Sunday, May 20, 2012

Homemade Focaccia

What I discovered last night: focaccia is amazing! It's so good, I could have just sat there and ate it all. I wasn't sure at first if this bread was going to be a success; I tried a recipe last week that wasn't very good, it was just very dry and tasteless. This time, however, I found a blog that had made a recipe from the Great British Bakeoff, which I have seen an episode of and is full of amazing recipes. The instructions were really detailed and there were pictures - the finished bread looked amazing so it was worth a try. Like ciabatta, this dough is really wet and nothing at all like normal bread dough. The finished produce is very soft and airy and really, really yummy. This recipe made enough for four of us to snack on while we waited for dinner


Focaccia
from The Great British Bakeoff

250 grams strong flour
1 teaspoon salt
1 teaspoon instant yeast
1 tablespoon olive oil
200 mL cold water
More olive oil for kneading
Rosemary and salt for the top

The first strange thing about this recipe that I noticed was that you use cold water. However, I went with it and it worked just fine. So take a large mixing bowl and measure out the flour, salt, yeast and olive oil. Then pour in the water and begin mixing. First mix it with a large spoon, until it is all combined. It will be a very wet, sticky mixture and this point and the next step is to knead it with your hands, which is going to be messy.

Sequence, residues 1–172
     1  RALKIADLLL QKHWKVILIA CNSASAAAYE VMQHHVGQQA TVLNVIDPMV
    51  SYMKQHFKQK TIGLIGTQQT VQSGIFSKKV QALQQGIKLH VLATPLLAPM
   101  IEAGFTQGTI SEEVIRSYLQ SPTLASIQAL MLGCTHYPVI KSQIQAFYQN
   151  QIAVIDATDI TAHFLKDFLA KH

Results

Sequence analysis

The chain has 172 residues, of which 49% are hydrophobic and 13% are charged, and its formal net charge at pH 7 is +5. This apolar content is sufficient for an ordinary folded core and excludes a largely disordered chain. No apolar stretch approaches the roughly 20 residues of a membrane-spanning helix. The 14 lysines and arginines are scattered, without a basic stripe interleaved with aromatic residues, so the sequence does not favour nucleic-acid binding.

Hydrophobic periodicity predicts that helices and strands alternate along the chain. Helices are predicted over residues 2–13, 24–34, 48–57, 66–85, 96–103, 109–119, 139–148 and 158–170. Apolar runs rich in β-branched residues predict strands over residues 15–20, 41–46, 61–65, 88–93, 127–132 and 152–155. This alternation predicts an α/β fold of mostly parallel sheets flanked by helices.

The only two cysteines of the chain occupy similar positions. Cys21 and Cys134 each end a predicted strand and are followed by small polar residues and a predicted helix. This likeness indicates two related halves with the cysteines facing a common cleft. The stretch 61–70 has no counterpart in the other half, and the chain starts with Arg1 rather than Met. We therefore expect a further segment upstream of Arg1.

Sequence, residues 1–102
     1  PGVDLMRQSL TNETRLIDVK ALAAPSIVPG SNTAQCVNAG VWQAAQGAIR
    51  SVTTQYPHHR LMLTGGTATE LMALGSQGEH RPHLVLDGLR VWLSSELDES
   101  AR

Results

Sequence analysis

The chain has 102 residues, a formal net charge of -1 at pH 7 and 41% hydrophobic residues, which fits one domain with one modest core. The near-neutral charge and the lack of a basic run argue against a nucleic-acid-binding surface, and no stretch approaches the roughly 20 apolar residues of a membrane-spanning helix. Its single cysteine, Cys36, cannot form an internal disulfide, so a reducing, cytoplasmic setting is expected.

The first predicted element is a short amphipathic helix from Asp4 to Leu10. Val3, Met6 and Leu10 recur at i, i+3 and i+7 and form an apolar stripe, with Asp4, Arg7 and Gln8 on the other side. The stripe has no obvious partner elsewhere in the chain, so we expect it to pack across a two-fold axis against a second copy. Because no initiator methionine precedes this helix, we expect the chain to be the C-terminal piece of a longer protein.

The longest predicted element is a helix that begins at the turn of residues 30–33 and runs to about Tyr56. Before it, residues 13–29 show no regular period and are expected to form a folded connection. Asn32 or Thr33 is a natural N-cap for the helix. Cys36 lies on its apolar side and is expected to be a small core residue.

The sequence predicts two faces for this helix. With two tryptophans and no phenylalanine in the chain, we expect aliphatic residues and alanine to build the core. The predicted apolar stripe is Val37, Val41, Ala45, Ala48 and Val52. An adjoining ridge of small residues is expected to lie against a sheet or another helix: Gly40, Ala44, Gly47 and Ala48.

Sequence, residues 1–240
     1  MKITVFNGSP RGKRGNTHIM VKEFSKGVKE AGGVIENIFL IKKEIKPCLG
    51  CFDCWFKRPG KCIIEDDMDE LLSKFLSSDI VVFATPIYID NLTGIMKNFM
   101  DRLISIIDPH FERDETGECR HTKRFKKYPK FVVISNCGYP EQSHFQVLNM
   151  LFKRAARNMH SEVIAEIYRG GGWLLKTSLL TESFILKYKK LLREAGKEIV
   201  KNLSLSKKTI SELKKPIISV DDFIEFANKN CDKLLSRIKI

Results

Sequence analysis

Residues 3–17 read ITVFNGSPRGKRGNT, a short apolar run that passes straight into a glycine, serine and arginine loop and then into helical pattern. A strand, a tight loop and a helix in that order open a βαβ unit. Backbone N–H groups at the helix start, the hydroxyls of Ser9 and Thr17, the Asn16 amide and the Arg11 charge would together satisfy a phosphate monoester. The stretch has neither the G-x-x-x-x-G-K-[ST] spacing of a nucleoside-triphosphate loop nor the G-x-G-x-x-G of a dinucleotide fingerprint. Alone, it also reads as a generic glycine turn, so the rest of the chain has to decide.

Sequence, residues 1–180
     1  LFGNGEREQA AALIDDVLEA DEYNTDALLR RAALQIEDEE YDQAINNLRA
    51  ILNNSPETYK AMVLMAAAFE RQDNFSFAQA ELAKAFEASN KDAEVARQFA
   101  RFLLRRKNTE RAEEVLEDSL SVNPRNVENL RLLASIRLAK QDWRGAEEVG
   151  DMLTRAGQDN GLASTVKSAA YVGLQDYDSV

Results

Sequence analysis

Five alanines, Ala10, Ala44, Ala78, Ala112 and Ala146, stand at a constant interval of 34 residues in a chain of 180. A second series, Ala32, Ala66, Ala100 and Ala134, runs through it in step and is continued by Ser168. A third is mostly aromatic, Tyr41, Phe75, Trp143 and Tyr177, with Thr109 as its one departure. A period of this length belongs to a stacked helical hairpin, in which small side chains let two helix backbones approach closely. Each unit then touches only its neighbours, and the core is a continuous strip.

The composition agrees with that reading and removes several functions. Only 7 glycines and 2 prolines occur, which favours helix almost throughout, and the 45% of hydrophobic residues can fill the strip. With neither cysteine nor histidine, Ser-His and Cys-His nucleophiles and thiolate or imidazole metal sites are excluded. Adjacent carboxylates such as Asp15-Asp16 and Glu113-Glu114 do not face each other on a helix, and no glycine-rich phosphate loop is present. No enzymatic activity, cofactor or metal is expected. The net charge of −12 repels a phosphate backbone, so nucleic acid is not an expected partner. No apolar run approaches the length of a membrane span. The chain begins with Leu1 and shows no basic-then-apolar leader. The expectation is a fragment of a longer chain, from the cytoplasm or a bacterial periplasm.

Unlike when you knead other breads, don't add any flour to your hands or to the work surface. This bread is all about the oil. So to begin with, coat your hands in olive oil and being to knead the bread in the bowl. It won't really be like normal kneading, more like lifting and folding and squishing. Keep going for about 5 minutes and then scrape the mixture of off your hands as well as you can.

After you have washed all off the mixture off of your hands, take a large chopping board and smear a good coating of olive oil over it. Coat your hands in oil again and then tip the dough onto the board. By this stage it will be holding its shape together somewhat, and you'll be amazed at how it transforms as soon as it hits the oil coated board. The oil somehow holds it together and you will be able to knead it (in a sense). So again use your hands to lift it and fold it and squish it, adding more oil to your hands if it starts to get sticky. After 5 minutes you can put the ball of dough back in the bowl to rise.

As usual, I placed my dough in the warm oven to rise, but it doesn't matter where you put it really, so long as you leave it until it is about double in size. Then you can prepare a tray by lining it with non-stick baking paper and pour the dough into the prepared tray. Coat your hands with olive oil again and flatten the dough, pressing it into the corners of the tray. Rub oil across the top of the entire loaf. Sprinkle with salt and rosemary, then use your finger-tips to press dimples across the dough.


Now you can leave the bread to rise again, just until whenever you are ready to bake it. I left mine on the bench for at least half an hour, during which time I heated the oven to 200 degrees celsius. The bread took 20 minutes to be done, but I actually made a double recipe so perhaps it will only take 15 minutes. The top will be golden when the bread is done. Remove the tray from the oven and let it cool a bit before you try and remove it from the baking paper. Then serve it while it's still warm.

2 comments:

  1. Oh, I LOVE focaccia bread. This looks heavenly. I just might have to have it today. Thanks for linking up to Things That Make You Say Mmmmm!

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  2. YUM! I, too, love focaccia bread. I would love for you to come by and link up this project at the Creative Corner Hop. The linky party starts on Monday and stays open all week.

    Sandy
    Cherished Handmade Treasures

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